“If you go through all 32 teams and watch who has the lowest pad level in the NFL, Baltimore is easily No. 1,” Sundberg said. “Their guards, tackles, tight ends, they’re all in a four-point stance. I was there in 2009, and they preach low, low, low — low man wins. You know how the Patriots are. They’re always scheming and game-planning.”

Two weeks before the Patriots played Baltimore, McClellin said, special teams coach Joe Judge started to implement the play. Defensive tackles Malcolm Brown and Alan Branch charged forward low to the ground, inducing Baltimore’s interior lineman to drop their pads even lower. Because Tucker always took his steps and started his approach to the same beat, McClellin could focus on his perfectly timed sprint and leap over the line just as Cox threw the ball between his legs.

“It looked like they timed our snap and the guy made a hell of a play,” Tucker said. “I don’t know what happens in their meetings, but the guy made a good play on the ball.”

“Joe Judge did a great job of designing the play,” Patriots Coach Bill Belichick said. “We worked on it all week and just felt like we could take advantage of that. Shea really executed it perfectly, as did the guys up front.”

The play delivered everything a fan could want from football: surprise, action, choreography, athleticism. And yet, some within the league want the play banned.

No one doubts the present legality of The Leap. Rule 12, Section 3 of the NFL rulebook details what is prohibited on a kick: jumping or standing on a teammate; placing a hand on another player to gain extra height; lifting a teammate; and leaping over players at the line of scrimmage and landing on someone.

The operative clause is “and landing on someone.” And some coaches would like to see that qualifier eliminated.

The NFL’s Competition Committee has discussed the play in the past and plans to review it again this offseason, one league official said.

“It’s bad for football,” Cardinals Coach Bruce Arians said earlier this season, after Seattle’s Bobby Wagner jumped over Arizona’s line to try to block a kick. “Because what you’re going to have to do now is start having centers raise their face up and get kicked in the face. And things that are just dangerous to the players. I think it’s a dangerous play as it is and should be taken out of the game.”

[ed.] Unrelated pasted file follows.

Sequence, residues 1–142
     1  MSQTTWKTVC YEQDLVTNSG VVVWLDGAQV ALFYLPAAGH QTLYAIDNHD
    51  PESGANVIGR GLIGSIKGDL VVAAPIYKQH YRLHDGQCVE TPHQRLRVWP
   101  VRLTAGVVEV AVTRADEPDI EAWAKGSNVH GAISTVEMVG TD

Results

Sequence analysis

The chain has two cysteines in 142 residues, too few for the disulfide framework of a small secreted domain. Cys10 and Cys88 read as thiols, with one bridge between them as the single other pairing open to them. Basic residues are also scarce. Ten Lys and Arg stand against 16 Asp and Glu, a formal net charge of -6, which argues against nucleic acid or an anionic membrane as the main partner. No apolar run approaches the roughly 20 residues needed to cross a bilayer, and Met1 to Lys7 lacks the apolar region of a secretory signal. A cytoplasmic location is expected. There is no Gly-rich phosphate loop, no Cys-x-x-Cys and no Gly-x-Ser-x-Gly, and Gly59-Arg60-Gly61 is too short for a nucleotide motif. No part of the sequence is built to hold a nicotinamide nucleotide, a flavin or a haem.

Snappers themselves don’t see it that way. Foremost, they assume risk upon signing a contract. “I don’t know if there is a safe play in football, if you look up the definition of ‘safe,’ ” Sundberg said.

Because Sundberg espouses the technique of lifting his head after snaps, he would be at risk of a would-be leaper kicking or kneeing him in the face. He’s willing to live with that result, protected in his mind by the rulebook.

“It’s a 15-yard penalty and unnecessary roughness,” Sundberg said. “All sorts of things are happening for the good of our team if that happens. That’s the risk I take on every play in the game. . . . I don’t think you can say just from a safety standpoint, ‘It’s too dangerous, get it out of the game.’ You could probably come up with 100 different plays before that one.”

Said Leach: “I don’t see any reason why it should be illegal. If a guy wants to time it up to gain an advantage, or if a guy wants to take the risk and jump over somebody, it’s up to the team who’s kicking the field goal to do something about it. Change up their rhythm or come up with a different technique.”

For now, at least, the play remains legal. It could even tilt, if not decide, a playoff game. The defender who jumps will receive the most attention. But he will know it takes so much more to make the leap.